The Relative Strength Index (RSI) is one of the most popular technical indicators that can help you determine overbought and oversold price levels as well as generate buy and sell signals. The RSI Indicator has proven to be quite useful to gold traders and investors. It could potentially help to identify local tops and bottoms.
Overbought vs. Oversold
The basic principle on which the RSI operates is that it is based on historical prices of an asset. These past prices are used to calculate a number between 0 and 100. This number is the RSI reading. The way the RSI operates is mostly that the indicator falls when the price of the asset itself falls, and rises when the price of the asset rises. Significant or prolonged declines in the price will drive the RSI closer to 0. Significant or prolonged appreciation will propel the RSI closer to 100.
The importance of the RSI can be linked to the fact that extreme market conditions will usually lead to extreme readings on the RSI. For instance, in times of panic prices tend to drop like a stone. However, it is also a quite well known adage that “it’s best buy when there’s blood in the streets.” The times of extreme pessimism, selling and turmoil in the market can also be times when there’s not much more selling left as almost everybody willing to sell has already done so. Panic or selling can be contrarian signals. They are also periods when the RSI readings are likely to be extremely low. In this sense, the RSI can be viewed as a gauge of whether a lot of selling has happened in the market. We would call very low RSI levels “oversold” as there might not be more selling left. Traditionally, levels below 30 are considered oversold and taken as a potential indication of a local bottom.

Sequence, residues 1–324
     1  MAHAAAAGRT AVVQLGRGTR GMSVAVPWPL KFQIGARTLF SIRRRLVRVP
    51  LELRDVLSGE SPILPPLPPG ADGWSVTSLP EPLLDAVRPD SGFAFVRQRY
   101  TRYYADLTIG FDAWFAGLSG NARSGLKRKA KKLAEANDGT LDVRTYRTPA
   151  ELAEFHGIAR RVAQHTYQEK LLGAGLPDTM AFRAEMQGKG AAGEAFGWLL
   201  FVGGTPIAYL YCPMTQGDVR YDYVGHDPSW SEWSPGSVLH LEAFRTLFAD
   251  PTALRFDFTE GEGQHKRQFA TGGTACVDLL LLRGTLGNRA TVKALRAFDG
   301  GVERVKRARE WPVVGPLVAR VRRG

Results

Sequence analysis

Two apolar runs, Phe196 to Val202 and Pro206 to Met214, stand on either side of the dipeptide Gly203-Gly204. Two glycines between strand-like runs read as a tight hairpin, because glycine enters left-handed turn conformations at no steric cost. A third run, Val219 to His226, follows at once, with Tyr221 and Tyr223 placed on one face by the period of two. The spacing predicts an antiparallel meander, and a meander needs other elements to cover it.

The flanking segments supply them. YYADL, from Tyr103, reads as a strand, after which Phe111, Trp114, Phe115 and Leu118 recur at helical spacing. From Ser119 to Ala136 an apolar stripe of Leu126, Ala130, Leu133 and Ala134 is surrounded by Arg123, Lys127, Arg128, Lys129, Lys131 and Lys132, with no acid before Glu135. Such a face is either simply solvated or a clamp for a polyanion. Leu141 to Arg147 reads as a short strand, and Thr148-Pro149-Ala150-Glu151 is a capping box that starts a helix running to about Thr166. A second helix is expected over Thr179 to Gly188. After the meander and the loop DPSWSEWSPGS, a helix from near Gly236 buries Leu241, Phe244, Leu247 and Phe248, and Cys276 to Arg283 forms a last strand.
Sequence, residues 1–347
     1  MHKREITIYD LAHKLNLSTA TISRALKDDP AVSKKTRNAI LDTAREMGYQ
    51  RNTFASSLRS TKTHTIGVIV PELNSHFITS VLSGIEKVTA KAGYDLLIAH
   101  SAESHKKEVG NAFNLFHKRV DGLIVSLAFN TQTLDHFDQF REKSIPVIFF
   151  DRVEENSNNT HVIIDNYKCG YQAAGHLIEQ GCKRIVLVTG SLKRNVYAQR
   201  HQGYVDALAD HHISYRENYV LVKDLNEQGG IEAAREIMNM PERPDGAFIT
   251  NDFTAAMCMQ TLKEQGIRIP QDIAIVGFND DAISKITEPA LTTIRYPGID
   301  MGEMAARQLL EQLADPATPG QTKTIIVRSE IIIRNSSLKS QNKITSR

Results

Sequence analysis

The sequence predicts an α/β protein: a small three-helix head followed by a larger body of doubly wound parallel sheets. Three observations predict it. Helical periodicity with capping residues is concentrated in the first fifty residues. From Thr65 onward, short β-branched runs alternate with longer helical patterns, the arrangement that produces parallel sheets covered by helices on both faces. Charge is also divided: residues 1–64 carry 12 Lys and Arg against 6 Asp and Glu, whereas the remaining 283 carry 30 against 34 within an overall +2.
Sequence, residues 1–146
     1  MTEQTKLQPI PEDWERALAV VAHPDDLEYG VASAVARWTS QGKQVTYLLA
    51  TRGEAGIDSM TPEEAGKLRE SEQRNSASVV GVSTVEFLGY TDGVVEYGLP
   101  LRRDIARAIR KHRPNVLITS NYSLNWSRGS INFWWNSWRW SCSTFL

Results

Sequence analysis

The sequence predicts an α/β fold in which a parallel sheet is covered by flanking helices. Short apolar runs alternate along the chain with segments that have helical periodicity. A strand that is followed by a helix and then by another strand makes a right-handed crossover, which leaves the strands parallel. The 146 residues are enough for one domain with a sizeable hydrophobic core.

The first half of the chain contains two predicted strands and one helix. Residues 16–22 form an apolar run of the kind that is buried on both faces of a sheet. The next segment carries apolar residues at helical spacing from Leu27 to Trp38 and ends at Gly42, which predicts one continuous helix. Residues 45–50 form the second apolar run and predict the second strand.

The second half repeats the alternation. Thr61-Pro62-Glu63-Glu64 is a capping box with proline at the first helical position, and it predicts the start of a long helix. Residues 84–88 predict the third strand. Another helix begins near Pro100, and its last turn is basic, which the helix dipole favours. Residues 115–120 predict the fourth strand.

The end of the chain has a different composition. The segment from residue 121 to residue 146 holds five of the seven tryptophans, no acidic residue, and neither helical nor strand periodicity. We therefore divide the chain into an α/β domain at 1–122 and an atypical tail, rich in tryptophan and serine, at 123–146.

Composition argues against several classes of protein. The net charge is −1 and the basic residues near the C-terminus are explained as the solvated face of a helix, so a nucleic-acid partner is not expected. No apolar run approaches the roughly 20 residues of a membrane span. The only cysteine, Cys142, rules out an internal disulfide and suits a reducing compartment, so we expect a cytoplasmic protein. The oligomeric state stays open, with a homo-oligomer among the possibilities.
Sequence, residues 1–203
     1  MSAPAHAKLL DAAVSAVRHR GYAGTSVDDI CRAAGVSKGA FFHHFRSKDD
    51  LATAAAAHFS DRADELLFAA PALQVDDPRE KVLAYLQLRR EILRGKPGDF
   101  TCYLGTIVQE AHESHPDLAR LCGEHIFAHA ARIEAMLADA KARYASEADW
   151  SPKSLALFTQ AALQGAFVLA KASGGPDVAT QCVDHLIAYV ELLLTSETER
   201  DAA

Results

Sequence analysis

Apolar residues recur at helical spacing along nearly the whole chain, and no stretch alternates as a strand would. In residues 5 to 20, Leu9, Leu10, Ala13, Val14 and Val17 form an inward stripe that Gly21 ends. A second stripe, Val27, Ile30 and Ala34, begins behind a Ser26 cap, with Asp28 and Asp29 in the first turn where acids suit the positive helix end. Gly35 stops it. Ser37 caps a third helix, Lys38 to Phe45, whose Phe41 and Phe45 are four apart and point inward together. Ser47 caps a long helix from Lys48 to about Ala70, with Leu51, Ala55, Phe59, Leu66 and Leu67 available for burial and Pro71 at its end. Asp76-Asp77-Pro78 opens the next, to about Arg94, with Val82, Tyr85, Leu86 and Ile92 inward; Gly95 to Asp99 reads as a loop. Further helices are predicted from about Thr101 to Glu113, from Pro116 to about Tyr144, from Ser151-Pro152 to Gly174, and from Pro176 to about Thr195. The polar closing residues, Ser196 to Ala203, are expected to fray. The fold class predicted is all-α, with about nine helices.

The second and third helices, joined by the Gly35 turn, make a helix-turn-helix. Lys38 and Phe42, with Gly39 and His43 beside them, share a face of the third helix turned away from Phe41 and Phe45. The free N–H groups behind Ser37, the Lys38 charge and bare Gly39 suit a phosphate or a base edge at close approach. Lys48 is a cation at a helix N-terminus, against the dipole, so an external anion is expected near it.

The flip side is that in times of excessive optimism or buoyant buying, the prices tend to go up a lot. The RSI obliges and follows suit in the direction of 100. But it might just be the case that the buying power is drying up – when there’s been a lot buying going on, almost everybody willing to buy might have already done so and there might not be much buying left. And so, extreme buying might be a contrarian indication of a local top. The RSI close to 100, usually above the 70 threshold, can then be considered as a sign of a potential local top and we call levels over 70 “overbought” as there might not be much buying left.
The discussion of overbought and oversold levels, and the way the RSI works has been quite general so far. Let’s make it more concrete by focusing on gold. We focus on gold in the 2011-2018 time frame.
Further, we specifically look for situations when the RSI for gold went above 70, the classic oversold level and an indication of a potential top. If we take a look at the way the price of gold behaved when the RSI hit 70, it becomes obvious that all such instances coincided with at least local tops. The RSI seems to be eerily effective as far as the identification of local tops is concerned in the analyzed time horizon. This means that gold traders could potentially incorporate the RSI into their analysis to pinpoint moments when gold might turn around and form a top. If you are not inclined to do this on your own, we do so in our Gold & Silver Trading Alerts.